One of the talking points of Mary Meeker’s presentation at Web 2.0 Summit
yesterday was the future of sound. Meeker claimed that sound would soon be bigger than video on the Web. Specifically, she name-checked Spotify, Siri and SoundCloud. Siri is already a part of Apple, but the other two startups are independent. One of them could well be the next YouTube, if sound ends up having as big an impact on the Web as video. But that’s a very big if…
Immediately after Meeker’s presentation, I sat down with SoundCloud‘s young co-founder and CEO Alexander Ljung. I wanted to find out just how Ljung and the SoundCloud team plan to take their service to the mainstream.
Why did Mary Meeker say that sound would be bigger than video on the Web? Alex Ljung told me there are two reasons: the increasing penetration of smartphones that have microphones; and audio being something that can be consumed “in parallel” with other activities (unlike video) – for example, listening to SoundCloud in your car.
SoundCloud’s Exponential Growth
Ljung described SoundCloud as “a platform to enable anybody to create and share sounds.” The service was built in Ljung’s native Germany and launched at the end of 2008.
SoundCloud had “steady exponential growth from the start,” Ljung said, citing about 7.5 million users now. About 5 million of those signed up in the past 12 months.
At last month’s Facebook F8 event, SoundCloud launched its latest big feature: deep integration into Facebook’s new design. It has also been busy partnering with other services, such as integration into a music-making desktop app called Cakewalk.
But How Will SoundCloud Go Really Big?
Despite SoundCloud’s impressive growth, it will need to find a way to bring in many more millions of users in order to go mainstream.
SoundCloud’s vision is certainly big. “Sound is more than just music,” said Ljung. Although, music was where the initial traction came from on SoundCloud – musicians uploading demos, mashups and even entire albums.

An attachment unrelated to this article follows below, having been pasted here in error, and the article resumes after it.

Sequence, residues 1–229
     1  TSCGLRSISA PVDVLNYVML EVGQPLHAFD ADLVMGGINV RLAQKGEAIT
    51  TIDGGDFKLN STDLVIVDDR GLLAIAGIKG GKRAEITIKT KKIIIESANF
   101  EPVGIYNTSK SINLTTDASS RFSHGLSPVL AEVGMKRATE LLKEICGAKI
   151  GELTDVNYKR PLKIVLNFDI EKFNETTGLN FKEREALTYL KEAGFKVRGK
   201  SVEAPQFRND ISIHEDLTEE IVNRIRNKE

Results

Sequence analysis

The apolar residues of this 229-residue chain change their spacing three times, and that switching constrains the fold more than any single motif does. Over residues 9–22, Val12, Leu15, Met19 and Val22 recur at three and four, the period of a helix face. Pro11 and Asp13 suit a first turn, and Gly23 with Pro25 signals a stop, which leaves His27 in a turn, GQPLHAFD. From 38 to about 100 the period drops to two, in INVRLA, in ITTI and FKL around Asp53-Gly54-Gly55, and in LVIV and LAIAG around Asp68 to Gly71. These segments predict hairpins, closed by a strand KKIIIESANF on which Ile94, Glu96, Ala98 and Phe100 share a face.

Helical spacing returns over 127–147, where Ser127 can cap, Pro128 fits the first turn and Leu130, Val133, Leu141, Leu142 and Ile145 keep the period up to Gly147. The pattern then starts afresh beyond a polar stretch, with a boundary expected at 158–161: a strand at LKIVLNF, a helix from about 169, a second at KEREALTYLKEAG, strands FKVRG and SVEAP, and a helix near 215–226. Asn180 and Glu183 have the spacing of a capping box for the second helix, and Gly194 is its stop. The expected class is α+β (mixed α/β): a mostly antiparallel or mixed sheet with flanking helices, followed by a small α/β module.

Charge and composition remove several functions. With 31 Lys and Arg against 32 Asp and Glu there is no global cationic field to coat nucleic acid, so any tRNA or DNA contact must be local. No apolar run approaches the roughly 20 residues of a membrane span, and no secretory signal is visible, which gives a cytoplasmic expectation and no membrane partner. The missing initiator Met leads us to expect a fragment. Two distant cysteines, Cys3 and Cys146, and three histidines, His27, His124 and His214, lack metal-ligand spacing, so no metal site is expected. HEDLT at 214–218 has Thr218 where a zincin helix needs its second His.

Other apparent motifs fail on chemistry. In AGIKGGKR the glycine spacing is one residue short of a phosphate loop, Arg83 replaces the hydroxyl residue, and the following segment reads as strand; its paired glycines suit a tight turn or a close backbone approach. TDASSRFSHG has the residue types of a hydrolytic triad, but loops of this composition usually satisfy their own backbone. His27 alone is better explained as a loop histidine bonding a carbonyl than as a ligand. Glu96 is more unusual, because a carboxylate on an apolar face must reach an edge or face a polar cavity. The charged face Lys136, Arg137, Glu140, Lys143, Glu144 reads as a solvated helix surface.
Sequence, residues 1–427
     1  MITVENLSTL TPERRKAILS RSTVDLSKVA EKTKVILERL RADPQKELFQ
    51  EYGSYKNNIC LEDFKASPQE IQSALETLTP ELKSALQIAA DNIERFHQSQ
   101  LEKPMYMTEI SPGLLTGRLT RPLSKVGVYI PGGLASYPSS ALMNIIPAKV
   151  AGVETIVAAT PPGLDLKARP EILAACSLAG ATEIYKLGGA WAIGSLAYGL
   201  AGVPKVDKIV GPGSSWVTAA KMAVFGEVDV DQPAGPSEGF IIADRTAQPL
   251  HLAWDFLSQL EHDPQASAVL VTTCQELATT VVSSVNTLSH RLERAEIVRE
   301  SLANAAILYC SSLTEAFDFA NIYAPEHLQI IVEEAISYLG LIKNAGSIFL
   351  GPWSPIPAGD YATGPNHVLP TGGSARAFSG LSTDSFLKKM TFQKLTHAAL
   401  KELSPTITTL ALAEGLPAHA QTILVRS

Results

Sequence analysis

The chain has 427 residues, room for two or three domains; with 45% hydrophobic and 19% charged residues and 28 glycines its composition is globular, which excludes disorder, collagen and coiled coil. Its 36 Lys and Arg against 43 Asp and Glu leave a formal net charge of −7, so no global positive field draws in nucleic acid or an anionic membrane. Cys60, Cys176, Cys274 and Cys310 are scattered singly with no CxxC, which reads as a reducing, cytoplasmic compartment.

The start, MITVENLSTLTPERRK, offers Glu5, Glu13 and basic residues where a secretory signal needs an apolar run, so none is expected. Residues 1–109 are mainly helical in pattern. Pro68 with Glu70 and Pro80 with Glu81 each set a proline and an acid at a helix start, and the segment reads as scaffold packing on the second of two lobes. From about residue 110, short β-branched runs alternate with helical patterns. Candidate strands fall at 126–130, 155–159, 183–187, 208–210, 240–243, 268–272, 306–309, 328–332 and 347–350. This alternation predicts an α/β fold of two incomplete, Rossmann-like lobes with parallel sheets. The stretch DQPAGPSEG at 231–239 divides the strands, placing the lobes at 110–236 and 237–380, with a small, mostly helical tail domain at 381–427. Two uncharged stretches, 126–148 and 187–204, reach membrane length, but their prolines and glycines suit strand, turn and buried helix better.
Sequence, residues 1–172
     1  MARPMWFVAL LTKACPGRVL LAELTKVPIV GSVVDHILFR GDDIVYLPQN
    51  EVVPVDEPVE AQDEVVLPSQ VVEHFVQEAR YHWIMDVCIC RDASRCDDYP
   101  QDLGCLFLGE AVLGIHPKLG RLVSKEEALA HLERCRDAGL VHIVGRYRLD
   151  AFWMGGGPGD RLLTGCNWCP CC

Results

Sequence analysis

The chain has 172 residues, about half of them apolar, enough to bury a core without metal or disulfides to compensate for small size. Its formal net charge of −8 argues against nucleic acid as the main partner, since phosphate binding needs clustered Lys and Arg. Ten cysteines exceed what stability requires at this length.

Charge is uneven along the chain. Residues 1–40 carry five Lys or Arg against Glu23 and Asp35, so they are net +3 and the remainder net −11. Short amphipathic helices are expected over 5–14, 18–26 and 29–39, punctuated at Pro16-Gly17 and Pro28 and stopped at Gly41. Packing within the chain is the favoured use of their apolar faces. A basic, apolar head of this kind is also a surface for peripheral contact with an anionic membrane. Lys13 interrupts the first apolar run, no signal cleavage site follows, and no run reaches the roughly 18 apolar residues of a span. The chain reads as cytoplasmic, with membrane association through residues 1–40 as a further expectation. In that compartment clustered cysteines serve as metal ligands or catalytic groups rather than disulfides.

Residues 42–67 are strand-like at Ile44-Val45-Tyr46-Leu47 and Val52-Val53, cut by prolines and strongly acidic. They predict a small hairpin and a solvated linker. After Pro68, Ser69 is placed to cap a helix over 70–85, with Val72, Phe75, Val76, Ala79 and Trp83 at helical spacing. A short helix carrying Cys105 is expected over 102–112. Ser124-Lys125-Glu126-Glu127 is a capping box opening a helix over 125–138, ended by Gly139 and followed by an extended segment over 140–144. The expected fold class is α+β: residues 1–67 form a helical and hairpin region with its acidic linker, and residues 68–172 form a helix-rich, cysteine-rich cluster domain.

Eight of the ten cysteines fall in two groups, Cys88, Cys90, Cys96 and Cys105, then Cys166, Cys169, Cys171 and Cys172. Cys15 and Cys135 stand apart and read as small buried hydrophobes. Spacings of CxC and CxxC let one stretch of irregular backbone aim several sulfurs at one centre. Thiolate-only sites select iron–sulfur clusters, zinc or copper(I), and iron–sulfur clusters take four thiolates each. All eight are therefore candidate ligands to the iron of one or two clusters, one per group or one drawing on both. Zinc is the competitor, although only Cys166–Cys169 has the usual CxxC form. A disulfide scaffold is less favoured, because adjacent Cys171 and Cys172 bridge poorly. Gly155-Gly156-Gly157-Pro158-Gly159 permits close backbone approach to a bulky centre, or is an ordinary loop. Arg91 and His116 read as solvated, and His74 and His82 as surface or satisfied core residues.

I pointed out that the biggest audio publishing trend so far on the Web – podcasting – hasn’t gone mainstream. At least not at the scale of online video. So, I asked Ljung how SoundCloud plans to get more people to upload and consume audio on the Web.
He replied that podcasting is a specific delivery format and it “somehow set the rules” that podcasts should be relatively long and professionally created. Which created “too high of a barrier” for many people.
However, the proliferation of smartphones, with their high quality microphones and recording apps (like SoundCloud), has led to an increase of short-form audio. It’s opened up online audio to more casual users.
Consumption & Sharing of Audio
SoundCloud never wanted to be just another podcasting platform, but (in Ljung’s words) to be “sound sharing the way it should’ve been.” SoundCloud users can – and do – upload any form of audio to the Web, from music demos to 1-2 minute soliloques and even snippets of phone conversations.
To get to the level of YouTube, though, there will need to be a huge increase in consumption of SoundCloud content. The Facebook partnership, along with integration into other discovery platforms, is going to be crucial. But Ljung stressed that the SoundCloud platform itself already encourages its users to interact with content.
Each sound recording has a visual timeline bar and people can leave comments anywhere on the timeline. For example, at the 1:05 mark of a five minute recording, there may be a particularly striking piece of audio which attracted a lot of comments. So you might want to only listen to that specific part of the recording.
Only time will tell whether SoundCloud can really make it big, but its exponential growth so far has been impressive. And it’s a great product. I use it regularly to listen to music, although I haven’t yet fully explored its other use cases. Have you used SoundCloud? Let us know in our comments whether you think it will go to the next level.